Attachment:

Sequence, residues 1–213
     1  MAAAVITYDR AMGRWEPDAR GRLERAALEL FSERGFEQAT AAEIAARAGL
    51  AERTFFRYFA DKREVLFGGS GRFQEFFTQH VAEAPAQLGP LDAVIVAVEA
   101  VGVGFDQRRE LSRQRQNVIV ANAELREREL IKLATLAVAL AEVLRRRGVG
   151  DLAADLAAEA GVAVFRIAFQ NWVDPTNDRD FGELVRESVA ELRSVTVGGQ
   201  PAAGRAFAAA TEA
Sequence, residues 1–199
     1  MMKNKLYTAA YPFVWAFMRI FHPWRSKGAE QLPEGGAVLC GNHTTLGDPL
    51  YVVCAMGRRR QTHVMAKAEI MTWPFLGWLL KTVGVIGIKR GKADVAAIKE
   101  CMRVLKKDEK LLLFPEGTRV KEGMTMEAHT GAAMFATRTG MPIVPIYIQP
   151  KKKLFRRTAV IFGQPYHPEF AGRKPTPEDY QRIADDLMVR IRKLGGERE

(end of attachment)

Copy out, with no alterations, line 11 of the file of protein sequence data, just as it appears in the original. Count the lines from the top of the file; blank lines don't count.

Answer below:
   151  KKKLFRRTAV IFGQPYHPEF AGRKPTPEDY QRIADDLMVR IRKLGGERE